In the Parisian news today, it was announced that a "fleet of blue, eco-friendly electric cars will hit the streets of the French capital next autumn and cost no more than a tube fare to zip around town." I was skeptical when I first read this, it was too good to be true and to come from the private sector.
Certainly, "Bertrand Delanoë, the city's Socialist mayor hopes Autolib will be as popular as Vélib, the hit bike rental scheme he introduced in 2007 and which has been adopted by cities around the world including London. [The] town hall had selected a four-seat vehicle made by the French company Bolloré, whose industrialist owner famously lent his mega-yacht to President Nicolas Sarkozy after his election." "Hit bike rental" is generous, my boyfriend, a native Parisian (he works, I swear!), tells me that it has been plagued with many problems - most notably theft. (Suspiciously, they all gather at the bottom of large hills, too.)
The context of the article is key, "Paris' mayor has declared war on privately-owned cars, building a network of bus and cycle lanes that are the bane of motorists." I've also been told that they're considering banning 4x4 cars in Paris. Conveniently for the mayor, his "eco-friendly" program will be considered "acceptable."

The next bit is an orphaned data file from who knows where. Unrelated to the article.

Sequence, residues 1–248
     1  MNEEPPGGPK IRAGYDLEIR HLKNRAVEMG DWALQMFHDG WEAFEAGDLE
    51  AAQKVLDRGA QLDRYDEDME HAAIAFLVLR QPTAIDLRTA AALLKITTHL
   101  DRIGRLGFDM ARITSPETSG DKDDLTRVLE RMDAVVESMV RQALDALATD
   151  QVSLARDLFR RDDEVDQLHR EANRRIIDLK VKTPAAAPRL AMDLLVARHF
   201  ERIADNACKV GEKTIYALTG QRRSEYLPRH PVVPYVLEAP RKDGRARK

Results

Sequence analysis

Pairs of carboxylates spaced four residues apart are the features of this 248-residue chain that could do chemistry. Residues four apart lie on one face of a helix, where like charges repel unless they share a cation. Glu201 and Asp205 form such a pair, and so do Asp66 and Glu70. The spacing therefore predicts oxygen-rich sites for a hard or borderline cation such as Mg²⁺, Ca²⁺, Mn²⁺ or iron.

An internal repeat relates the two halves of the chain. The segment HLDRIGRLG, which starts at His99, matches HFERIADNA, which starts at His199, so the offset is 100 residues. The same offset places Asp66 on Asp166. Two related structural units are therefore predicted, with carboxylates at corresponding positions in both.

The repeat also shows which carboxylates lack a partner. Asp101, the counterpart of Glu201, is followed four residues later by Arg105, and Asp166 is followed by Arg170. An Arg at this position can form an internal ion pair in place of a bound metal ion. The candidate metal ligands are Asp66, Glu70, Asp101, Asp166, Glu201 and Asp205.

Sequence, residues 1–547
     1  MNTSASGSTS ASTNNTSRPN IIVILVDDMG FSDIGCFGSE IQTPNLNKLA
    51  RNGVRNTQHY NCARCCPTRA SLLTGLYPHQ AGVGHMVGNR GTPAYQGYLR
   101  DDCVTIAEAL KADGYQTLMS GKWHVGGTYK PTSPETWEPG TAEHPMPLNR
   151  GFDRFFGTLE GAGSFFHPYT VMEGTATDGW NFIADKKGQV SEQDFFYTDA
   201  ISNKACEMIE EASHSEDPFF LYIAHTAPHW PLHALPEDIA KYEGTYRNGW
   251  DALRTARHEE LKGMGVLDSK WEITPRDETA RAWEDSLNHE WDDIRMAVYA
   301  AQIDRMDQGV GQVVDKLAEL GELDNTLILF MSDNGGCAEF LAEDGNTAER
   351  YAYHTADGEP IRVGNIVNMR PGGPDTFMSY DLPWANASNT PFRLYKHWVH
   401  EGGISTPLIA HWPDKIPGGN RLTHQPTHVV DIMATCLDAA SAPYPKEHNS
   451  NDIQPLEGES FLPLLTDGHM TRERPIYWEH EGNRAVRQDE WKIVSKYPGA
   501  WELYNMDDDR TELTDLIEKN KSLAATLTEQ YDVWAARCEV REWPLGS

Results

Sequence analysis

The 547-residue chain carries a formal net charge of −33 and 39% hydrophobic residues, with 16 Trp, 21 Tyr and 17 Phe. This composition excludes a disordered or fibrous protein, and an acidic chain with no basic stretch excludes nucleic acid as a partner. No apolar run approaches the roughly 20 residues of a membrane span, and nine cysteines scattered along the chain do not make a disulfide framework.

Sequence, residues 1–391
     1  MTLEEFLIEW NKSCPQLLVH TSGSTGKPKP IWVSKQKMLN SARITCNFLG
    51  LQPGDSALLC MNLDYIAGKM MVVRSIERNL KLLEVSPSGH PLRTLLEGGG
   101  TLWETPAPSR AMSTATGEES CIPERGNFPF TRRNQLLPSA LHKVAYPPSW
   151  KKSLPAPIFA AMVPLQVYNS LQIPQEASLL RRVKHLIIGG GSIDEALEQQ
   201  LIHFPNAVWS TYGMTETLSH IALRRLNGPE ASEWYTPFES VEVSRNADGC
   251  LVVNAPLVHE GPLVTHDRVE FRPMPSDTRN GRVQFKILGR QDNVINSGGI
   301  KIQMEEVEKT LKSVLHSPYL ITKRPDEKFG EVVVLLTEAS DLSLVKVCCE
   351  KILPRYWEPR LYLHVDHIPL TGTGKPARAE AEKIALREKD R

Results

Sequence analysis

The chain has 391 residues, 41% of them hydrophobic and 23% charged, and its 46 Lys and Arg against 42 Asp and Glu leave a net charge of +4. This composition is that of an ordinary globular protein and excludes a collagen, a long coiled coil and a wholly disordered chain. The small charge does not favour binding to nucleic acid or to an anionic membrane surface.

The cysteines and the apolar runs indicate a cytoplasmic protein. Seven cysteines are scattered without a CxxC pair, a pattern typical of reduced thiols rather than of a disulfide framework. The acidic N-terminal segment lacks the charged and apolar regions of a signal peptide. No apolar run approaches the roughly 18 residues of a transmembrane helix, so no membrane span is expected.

I'm certain this plan is privy to a plethora of problems. Something that I do believe has a bright future for changing cities in 2011, though, is a service called "Agent Anything." I wrote about it's predecessor this past summer, which creates a network for hiring people to run tasks and errands for a fixed, negotiated price. Not surprisingly, it wasn't a mayor's personal initiative to manufacture the way citizens live.